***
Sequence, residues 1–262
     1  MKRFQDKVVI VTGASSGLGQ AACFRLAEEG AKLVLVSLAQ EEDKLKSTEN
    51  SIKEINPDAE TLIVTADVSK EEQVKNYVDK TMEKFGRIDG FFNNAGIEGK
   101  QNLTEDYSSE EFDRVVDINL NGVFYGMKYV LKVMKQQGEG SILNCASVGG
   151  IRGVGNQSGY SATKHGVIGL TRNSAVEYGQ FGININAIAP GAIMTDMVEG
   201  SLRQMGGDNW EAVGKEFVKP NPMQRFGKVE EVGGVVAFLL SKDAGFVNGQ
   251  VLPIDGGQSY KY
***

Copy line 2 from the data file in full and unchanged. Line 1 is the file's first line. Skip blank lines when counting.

     1  MKRFQDKVVI VTGASSGLGQ AACFRLAEEG AKLVLVSLAQ EEDKLKSTEN